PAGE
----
Divergent Mass Selection for Leaf Chlorophyll Content Measured Using Chlorophyll Meter Readings in a Maize Composite Population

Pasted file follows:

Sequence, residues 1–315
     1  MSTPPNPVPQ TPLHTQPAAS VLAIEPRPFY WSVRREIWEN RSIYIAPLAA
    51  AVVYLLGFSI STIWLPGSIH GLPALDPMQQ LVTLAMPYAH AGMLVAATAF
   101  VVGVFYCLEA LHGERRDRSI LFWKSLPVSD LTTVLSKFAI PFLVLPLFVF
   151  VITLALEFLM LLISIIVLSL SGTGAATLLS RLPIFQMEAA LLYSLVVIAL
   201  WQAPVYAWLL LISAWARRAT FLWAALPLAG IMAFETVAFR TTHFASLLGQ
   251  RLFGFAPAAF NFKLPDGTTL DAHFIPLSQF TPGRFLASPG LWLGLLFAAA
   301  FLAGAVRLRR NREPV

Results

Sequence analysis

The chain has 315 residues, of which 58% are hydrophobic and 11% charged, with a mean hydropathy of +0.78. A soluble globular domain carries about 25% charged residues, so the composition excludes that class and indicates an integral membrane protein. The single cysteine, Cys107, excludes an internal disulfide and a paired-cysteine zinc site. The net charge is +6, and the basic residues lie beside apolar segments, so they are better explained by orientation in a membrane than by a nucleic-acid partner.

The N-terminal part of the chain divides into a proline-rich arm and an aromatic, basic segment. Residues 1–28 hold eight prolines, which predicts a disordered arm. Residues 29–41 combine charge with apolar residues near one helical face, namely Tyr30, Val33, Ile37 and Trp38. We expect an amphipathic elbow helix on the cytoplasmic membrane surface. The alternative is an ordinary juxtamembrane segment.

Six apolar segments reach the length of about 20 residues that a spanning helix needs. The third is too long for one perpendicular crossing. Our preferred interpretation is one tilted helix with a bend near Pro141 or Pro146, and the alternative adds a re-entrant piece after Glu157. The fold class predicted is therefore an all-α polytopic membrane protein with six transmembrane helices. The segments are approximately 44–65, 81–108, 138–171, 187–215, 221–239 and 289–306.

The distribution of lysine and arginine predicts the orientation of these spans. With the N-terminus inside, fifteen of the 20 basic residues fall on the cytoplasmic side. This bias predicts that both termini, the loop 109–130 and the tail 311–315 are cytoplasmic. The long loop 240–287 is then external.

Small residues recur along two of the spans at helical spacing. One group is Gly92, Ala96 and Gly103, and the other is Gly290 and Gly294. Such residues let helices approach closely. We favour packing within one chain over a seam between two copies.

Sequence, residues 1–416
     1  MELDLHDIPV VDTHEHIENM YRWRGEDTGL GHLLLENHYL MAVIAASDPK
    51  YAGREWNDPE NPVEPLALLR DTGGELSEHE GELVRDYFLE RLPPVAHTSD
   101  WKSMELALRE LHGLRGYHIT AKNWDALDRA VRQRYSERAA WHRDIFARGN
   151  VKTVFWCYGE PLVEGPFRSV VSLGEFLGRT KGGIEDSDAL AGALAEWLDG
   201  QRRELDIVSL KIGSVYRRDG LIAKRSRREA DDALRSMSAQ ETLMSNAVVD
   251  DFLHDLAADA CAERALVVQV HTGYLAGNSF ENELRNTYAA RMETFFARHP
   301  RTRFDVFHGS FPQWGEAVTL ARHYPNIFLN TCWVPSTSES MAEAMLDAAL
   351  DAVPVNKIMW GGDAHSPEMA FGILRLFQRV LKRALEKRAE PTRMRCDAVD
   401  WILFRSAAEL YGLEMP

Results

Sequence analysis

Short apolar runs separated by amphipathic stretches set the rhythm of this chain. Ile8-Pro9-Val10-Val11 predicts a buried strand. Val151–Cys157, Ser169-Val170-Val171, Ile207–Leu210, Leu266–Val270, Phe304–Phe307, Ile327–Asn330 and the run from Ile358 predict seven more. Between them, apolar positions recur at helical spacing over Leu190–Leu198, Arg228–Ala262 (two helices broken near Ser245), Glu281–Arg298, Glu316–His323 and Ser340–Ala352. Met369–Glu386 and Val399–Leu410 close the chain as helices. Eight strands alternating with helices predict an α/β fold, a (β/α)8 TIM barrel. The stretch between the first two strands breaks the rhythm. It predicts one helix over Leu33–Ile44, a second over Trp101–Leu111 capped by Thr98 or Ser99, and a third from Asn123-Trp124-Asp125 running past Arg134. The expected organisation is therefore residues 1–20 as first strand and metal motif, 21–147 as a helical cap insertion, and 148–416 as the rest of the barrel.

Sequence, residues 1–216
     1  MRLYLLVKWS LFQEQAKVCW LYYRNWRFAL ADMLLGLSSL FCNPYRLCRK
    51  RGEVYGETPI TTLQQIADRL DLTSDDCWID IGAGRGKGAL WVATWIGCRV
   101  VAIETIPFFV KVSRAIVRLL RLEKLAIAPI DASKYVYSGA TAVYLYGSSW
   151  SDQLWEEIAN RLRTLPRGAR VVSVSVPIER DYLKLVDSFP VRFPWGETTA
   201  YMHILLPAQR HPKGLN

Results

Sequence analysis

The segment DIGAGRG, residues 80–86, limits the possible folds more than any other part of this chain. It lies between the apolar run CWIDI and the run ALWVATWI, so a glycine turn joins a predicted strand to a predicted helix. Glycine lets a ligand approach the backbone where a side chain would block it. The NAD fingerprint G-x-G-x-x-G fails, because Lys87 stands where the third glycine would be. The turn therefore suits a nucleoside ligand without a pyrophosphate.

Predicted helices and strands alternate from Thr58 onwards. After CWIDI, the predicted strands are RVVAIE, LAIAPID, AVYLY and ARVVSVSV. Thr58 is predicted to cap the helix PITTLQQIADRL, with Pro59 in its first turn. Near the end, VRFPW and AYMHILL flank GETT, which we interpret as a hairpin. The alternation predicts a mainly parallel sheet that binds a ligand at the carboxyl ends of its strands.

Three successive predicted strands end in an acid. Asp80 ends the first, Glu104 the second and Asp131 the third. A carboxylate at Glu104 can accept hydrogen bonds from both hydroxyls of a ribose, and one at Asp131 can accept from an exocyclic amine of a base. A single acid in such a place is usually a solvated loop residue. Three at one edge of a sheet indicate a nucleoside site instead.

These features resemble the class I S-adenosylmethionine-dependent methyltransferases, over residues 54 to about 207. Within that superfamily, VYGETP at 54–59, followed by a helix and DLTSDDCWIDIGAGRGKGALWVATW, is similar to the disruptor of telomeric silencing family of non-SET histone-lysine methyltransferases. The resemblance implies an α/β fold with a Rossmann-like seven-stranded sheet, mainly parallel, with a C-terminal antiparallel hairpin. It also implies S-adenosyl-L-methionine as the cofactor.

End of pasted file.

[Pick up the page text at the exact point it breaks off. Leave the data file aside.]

Leaf chlorophyll content is correlated with photosynthetic activity indicators and leaf nitrogen concentration. Three cycles of divergent mass selection for chlorophyll content were performed to estimate heritability, response to selection, and correlated changes in grain yield for these traits in a synthetic maize (Zea mays L.) population. Selection for high and low chlorophyll content was performed in the field using the SPAD chlorophyll meter, and response to selection was measured in field evaluations of the C-0, C-1, C-2, and C-3 populations. The divergent selection responses cycle-1 were 1.2 SPAD unit increase versus 0.2 decrease at anthesis and 0.9 increase versus 0.9 decrease at grain-filling period relative to the base average of 55.9 and 53.5, respectively. The C-3 high and low selections showed significant differences in chlorophyll content at anthesis and grain filling stages, but no significant selection indirect response was detected for grain yield. Thus, our data indicate that leaf chlorophyll content is heritable and that it can be manipulated through conventional breeding methodology. Additional cycles of chlorophyll content selection are needed to determine if chlorophyll content will be useful as an indirect selection criterion for yield improvement.